The first episode of the Chinese version of Saturday Night Live (周六夜现场 zhōu liù yè xiànchǎng) debuted on June 23 with more than 100 million views on Youku (full episode here, though paywalled). It retained recognizable elements from the original American version; the opening, for instance, will look familiar, as actress Kitty Zhang 张雨绮 (movies include The Mermaid, Legend of the Demon Cat) walked out on a red carpet — and cracked several jokes about said carpet — before introducing the show’s permanent hosts, Michael Chen 陈赫 (IPartment) and Yue Yunpeng 岳云鹏 (Buddies in India).
CORRECTION: Kitty Zhang’s appearance was in Episode 2. (We’ve also swapped the link above to the proper debut episode.)
But while user reviews on the streaming platform have skewed generally positive, not everyone seems to be happy with the localized version of the iconic late-night variety show. One commenter on Zhihu — on this otherwise enthusiastic review written by an audience member — called the format “stale,” pointing out that internet users who have already seen the American version might not care for the formula of cold open followed by skits followed by Weekend Update followed by musical guest.
Other comments include, “In this country, there’s basically no way to replicate what makes the original good,” “I hadn’t heard of the original and was looking forward to this, but I was greatly disappointed — I was expecting a score of 80 and think they barely scored 40,” and, “The most unbearable aspect was, they changed Weekend Update into a crosstalk segment????”
The original Weekend Update, of course, is a sketch that parodies current events.
One of the biggest obstacles in adapting Saturday Night Live for a Chinese audience is China’s draconian censorship system. In the past few years, China’s administration has ratcheted up its supervision of online content. Regulation of online media has been varied and expansive, ranging from the “body searching” of mobile games for violence and obscenity to the shuttering of jokes app Neihan Duanzi (内涵段子) for vulgar content. China also doesn’t take too kindly to mockery of its political figures in foreign talk shows, either. Last month, John Oliver’s name became a banned term on Weibo after Oliver did a hard-hitting segment on Xi Jinping in a Last Week Tonight episode. His show, as well as other shows from HBO, was also blocked in China.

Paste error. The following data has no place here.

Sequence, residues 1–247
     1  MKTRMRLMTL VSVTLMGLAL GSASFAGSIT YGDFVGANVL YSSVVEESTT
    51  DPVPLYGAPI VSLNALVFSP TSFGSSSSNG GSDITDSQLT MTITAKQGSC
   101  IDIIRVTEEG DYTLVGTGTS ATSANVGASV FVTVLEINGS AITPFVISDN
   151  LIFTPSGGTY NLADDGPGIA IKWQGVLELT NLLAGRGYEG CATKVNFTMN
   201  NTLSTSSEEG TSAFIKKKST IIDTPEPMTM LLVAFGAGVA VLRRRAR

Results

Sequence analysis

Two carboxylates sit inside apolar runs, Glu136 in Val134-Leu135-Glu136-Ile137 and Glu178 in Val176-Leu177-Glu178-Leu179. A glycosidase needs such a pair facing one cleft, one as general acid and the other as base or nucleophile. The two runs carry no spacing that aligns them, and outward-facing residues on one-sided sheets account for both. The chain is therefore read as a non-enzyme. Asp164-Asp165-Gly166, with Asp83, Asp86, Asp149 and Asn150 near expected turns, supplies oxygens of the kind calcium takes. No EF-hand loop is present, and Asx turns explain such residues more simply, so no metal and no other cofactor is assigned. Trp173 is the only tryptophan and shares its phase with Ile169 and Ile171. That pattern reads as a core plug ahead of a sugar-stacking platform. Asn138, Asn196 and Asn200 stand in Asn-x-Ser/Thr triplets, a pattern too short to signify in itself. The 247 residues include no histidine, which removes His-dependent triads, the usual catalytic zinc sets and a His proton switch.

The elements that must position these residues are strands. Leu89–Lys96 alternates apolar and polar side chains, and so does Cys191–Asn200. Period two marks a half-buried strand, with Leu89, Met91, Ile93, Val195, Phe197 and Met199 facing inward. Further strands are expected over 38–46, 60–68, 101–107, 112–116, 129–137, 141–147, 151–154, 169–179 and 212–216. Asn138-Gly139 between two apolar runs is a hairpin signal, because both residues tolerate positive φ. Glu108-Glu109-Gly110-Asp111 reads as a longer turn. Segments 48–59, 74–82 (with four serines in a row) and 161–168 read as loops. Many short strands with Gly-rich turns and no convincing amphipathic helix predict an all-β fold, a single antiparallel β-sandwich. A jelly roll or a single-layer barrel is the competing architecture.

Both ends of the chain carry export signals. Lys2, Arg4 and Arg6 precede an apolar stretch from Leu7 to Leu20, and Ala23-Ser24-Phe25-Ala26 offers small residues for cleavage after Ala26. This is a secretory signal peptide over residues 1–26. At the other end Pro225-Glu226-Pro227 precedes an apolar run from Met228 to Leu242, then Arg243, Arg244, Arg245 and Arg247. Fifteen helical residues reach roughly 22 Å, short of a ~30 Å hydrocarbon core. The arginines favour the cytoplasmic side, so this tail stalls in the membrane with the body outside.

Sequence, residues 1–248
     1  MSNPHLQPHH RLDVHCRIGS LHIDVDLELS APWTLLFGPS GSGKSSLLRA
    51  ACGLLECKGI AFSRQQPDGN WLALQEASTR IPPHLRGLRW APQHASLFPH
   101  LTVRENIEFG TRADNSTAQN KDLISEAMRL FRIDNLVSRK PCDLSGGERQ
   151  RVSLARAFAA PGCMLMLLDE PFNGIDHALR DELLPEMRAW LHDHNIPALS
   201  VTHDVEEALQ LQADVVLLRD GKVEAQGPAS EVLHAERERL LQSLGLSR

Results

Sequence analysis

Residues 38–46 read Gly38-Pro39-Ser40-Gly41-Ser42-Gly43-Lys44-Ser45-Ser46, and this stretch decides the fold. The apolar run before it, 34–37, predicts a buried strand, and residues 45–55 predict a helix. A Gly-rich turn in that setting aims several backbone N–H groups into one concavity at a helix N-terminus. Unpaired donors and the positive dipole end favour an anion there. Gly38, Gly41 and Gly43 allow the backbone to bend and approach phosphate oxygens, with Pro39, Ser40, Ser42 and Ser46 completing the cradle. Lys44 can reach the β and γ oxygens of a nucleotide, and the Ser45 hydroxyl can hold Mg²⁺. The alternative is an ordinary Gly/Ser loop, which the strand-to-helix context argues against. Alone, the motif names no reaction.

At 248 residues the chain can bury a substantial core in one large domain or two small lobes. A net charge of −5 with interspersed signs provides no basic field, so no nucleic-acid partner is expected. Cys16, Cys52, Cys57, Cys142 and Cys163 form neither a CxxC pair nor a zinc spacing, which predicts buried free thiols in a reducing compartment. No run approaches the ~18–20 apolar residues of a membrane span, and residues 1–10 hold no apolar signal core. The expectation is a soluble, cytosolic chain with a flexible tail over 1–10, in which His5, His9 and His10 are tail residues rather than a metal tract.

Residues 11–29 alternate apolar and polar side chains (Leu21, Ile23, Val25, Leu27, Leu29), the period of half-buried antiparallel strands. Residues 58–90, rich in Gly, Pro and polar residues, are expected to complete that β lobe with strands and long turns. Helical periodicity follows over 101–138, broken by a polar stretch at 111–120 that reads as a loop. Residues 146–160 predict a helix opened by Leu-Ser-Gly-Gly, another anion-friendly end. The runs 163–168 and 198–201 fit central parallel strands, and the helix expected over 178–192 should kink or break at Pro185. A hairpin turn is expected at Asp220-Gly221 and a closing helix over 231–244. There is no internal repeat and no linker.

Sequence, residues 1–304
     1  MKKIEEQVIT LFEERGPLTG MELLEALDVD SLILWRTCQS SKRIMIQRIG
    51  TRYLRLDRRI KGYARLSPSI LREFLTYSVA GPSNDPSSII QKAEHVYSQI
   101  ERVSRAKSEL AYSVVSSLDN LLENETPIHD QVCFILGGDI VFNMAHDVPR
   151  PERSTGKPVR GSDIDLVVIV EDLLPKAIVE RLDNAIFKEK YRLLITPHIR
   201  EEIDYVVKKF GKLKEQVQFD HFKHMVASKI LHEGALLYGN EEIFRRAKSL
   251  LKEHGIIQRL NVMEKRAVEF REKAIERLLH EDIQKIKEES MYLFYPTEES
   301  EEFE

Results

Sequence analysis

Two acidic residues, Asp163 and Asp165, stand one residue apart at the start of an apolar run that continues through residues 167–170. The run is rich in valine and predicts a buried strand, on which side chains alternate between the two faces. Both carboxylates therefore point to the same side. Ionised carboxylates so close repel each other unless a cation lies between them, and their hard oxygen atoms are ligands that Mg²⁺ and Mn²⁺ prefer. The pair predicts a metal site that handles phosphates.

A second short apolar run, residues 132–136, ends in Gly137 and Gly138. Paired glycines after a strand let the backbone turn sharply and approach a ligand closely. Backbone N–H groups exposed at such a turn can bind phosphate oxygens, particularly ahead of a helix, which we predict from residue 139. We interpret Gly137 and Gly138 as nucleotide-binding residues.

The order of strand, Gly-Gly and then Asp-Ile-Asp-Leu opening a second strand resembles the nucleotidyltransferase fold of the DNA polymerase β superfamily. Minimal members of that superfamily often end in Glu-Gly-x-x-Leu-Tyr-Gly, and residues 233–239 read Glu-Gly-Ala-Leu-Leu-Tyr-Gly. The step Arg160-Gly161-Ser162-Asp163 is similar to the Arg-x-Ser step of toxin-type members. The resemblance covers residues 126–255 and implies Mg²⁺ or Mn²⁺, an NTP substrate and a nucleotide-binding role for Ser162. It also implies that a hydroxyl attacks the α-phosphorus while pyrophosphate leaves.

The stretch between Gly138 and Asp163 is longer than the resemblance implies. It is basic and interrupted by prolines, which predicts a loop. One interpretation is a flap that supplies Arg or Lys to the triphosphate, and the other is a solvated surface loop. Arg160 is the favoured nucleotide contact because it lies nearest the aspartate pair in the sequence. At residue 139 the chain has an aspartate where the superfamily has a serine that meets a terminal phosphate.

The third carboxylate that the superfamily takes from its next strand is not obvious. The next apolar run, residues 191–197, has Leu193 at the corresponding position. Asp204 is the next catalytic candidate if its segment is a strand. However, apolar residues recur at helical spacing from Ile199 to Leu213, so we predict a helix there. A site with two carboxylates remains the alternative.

Media outlet Yulezibenlun has pointed out that while the Korean version of Saturday Night Live skirted issues of censorship by opting for a late-night rating for more mature audiences, the Chinese version went with a different tack. Political satire, a defining feature of the original show, is largely absent from Youku’s SNL because of the government’s increased oversight of media content. Last year, Behind the Headlines (锵锵三人行 qiāng qiāng sān rén xíng), a popular talk show that discussed political and social issues, was canceled as part of the government’s concerted efforts to suppress dissent and potentially negative opinions.
It would seem that the producers of the Chinese version of SNL will be careful to toe the line to avoid a similar fate. Instead of skewering politics, the producers have stated they’re using issues in young people’s professional and personal lives as well as entertainment news and sports as creative fodder. One of the topics, for instance, that the show has grappled with in its first few episodes is gender inequality. It has also drawn on the World Cup for humor. While it’s hard to imagine an iteration of Saturday Night Live without political bite, the show’s 242 million total views (including clips, etc.) would seem to suggest that there’s still an audience in China willing to embrace a defanged version. The question is how long the creators will be able draw on material that is fresh and relevant.